World Education Services (WES) is a non-profit social enterprise dedicated to helping international students, immigrants, and refugees achieve their educational and career goals in the United States and Canada. The weekly roundup includes research, stories, and events of interest to the Canadian immigration and settlement community. This content has been created by WES and is reproduced here with their permission, in partnership.
Immigration, Refugees, and Citizenship Canada (IRCC) has unveiled a number of reforms intended to address and mitigate fraud in Canada's international student programming. Recently introduced is a multilayered authentication system for ensuring genuineness of acceptance letters from colleges and universities. Obtaining a verified acceptance letter to apply for a study permit is now required, as fraudulent letters have been used in some cases to enter the country under previous schema. Starting in December, IRCC will mandate colleges and universities to verify letters before the federal government processes study applications, as part of the new 'recognized institutions framework'. Universities and colleges found to be in good standing with vetting and supporting international students upon arrival in Canada, would have their students' study permit applications expedited. Following investigations, such advanced measures are meant to provide a more comprehensive approach to monitor admissions, combat recruitment scams that often result in the exploitation of students, and reward 'good actors'. Canada is currently on track to host 900,000 students, a near tripled increase from the last decade.
The Canadian federal government's Minister of IRCC, Marc Miller, announced that Canada will maintain its immigration targets, planning to admit 500,000 permanent residents by 2026. The targets for 2024 and 2025 are set at 485,000 and 500,000, respectively. The government aims to balance economic growth with successful integration, maintaining humanitarian traditions, and supporting francophone immigration. The new Immigration Levels Plan for 2024-26 aims to stabilize permanent resident levels by 2026 to allow for more sustainable population growth, housing and infrastructure planning. Additional initiatives include new francophone immigration targets and a permanent Rural and Northern Immigration Pilot program to encourage settlement in smaller communities. This decision follows a decline in public support for immigration, as Canadians increasingly link immigration with affordability and housing issues, and express concerns about the ability of communities to absorb large numbers of newcomers. The announcement outlined the government's plans to reform the immigration system to better align with Canada's needs, which includes attracting skilled workers, such as construction workers, to address labour shortages. There will also be a focus on addressing the exponential rise in non-permanent residents, like international students, who wish to stay in Canada. Quebec has raised concerns about not being consulted on federal immigration thresholds and the need for additional infrastructure and schooling to support the increased population, emphasizing the province's commitment to protecting the French language. Overall, the government's message is that Canada's immigration policy is adapting to address the country's economic, cultural, and infrastructural needs, while taking into account public sentiment and regional concerns.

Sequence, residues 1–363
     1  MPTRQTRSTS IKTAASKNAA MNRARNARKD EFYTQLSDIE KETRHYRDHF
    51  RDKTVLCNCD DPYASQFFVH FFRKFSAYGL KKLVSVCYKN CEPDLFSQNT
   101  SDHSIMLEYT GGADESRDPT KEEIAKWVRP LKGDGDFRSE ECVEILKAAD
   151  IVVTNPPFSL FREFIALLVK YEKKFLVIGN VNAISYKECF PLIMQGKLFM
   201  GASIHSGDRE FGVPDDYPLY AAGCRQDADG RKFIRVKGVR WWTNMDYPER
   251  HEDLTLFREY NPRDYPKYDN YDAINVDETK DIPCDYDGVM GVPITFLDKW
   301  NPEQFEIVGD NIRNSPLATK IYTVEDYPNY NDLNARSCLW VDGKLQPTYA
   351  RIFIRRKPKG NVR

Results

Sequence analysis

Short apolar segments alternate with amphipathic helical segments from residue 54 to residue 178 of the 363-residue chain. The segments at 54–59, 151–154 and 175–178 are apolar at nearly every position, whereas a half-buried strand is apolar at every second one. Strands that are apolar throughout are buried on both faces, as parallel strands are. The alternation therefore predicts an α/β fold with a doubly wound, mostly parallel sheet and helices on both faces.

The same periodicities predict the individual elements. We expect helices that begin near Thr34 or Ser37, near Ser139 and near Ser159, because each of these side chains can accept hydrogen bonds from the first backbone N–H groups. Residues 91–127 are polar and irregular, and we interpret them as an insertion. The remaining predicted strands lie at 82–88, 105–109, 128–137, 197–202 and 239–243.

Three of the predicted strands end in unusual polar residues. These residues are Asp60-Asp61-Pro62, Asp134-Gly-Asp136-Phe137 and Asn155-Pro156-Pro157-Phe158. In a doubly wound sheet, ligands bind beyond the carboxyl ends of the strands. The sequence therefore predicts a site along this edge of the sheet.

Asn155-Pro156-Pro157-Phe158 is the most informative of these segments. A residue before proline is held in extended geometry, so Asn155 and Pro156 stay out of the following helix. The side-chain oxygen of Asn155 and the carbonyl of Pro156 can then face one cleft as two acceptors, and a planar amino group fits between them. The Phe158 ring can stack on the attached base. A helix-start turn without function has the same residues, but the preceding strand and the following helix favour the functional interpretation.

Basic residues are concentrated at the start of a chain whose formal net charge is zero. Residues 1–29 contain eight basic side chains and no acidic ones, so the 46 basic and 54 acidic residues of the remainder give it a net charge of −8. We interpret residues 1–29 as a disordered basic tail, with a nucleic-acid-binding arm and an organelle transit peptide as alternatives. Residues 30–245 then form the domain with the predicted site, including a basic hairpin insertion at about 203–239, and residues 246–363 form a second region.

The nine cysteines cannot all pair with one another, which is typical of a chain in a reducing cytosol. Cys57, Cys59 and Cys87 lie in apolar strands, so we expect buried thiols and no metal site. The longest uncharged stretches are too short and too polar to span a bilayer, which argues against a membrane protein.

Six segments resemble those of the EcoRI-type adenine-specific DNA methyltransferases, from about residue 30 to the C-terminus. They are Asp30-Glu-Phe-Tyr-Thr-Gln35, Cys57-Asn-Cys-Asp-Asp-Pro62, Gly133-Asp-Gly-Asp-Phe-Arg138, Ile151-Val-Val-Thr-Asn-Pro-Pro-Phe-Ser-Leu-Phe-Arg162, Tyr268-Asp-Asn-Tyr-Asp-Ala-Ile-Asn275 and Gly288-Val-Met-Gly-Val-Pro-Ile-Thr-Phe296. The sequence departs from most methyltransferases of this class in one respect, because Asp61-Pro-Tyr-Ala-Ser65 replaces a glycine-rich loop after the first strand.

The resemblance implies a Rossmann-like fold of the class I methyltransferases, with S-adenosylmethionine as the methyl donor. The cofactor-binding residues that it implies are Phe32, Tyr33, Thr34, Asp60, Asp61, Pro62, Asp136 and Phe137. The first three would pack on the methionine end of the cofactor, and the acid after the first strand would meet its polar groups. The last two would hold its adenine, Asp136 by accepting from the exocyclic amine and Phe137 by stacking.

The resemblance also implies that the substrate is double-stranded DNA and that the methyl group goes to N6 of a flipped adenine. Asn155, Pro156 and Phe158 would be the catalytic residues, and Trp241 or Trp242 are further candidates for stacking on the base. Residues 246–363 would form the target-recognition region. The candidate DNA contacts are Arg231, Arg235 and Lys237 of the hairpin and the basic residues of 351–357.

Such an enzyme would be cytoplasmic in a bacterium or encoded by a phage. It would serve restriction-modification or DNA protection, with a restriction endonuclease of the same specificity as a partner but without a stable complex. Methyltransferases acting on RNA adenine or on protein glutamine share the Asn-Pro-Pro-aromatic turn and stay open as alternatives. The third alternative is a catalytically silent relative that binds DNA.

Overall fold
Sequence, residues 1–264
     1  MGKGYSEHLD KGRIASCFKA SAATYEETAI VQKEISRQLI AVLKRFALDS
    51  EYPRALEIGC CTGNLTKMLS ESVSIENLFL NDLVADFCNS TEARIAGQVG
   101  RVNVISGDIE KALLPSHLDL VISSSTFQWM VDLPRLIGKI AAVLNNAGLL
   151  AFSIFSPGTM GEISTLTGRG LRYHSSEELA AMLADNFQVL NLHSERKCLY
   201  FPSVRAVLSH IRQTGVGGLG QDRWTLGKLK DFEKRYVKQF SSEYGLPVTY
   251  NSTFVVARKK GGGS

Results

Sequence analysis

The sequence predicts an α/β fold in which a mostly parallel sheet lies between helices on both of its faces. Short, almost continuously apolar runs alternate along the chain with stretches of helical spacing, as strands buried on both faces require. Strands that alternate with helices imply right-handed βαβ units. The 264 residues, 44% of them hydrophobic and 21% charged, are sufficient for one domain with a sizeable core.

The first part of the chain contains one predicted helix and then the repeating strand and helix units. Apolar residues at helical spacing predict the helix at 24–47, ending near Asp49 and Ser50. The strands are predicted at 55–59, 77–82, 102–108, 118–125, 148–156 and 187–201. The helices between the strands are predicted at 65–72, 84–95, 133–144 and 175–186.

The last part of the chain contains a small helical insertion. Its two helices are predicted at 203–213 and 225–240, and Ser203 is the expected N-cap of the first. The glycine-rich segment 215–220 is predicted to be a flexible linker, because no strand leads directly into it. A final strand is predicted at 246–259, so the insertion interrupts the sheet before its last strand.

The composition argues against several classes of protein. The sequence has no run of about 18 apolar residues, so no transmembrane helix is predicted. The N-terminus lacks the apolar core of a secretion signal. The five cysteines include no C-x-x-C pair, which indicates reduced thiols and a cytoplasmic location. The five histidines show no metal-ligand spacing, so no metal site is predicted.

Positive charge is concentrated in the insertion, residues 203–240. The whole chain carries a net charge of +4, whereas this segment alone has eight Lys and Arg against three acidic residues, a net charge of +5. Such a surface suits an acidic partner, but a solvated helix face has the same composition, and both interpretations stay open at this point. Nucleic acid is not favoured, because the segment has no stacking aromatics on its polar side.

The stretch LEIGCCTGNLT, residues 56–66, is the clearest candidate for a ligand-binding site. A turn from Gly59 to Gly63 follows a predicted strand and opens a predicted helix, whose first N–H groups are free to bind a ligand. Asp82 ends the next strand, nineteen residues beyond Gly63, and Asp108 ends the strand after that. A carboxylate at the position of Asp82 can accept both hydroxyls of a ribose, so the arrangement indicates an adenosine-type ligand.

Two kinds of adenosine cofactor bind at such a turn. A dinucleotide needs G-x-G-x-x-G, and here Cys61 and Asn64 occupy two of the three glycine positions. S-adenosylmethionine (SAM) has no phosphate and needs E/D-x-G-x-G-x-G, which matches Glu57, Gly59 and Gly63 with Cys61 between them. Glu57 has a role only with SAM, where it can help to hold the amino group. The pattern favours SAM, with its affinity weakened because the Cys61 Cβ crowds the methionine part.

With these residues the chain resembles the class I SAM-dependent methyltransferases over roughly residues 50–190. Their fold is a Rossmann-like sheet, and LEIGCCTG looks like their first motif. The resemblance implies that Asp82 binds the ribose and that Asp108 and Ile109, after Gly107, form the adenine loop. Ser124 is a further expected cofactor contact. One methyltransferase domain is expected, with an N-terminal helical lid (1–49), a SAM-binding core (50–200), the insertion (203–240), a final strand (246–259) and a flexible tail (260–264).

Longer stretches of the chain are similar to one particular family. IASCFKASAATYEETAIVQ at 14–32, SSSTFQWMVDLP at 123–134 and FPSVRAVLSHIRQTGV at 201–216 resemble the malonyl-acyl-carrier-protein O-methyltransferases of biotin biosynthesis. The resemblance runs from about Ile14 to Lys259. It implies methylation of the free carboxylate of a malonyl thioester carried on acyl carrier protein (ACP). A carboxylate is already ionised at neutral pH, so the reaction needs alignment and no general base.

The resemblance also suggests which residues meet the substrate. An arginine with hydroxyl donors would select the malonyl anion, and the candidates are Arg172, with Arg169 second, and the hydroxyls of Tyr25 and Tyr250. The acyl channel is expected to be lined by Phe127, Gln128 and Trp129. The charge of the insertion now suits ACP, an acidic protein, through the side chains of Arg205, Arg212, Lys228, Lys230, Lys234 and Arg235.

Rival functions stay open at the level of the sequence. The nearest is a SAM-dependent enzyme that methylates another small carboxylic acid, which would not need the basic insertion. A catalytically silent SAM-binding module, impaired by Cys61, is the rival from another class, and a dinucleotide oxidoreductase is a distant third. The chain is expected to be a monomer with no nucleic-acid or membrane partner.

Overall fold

Public support for immigration appears to be on the decline as Canada grapples with a number of economic crises. Increasingly, Canadians’ growing concerns over housing shortages and affordability has been linked to heightened skepticism over recent influxes of newcomers to Canada. According to a poll from Environics Research and the Century Initiative, 44 percent of Canadians believe that immigration levels are too high, a rise of nearly 27 percent from last year - the largest jump ever recorded in their database. Nearly a year ago, support for immigration was stronger than ever. Overtime, however, several economic challenges including high inflation, climbing interest rates, and crippling housing costs have added to worries facing Canadians. The largest declines in support for immigration can be seen in the provinces British Columbia and Ontario. Contrastingly, polling reveals that Canadians are seeing the positives in immigration, with nearly three-quarters of respondents agreeing that immigration has had a positive impact on the economy.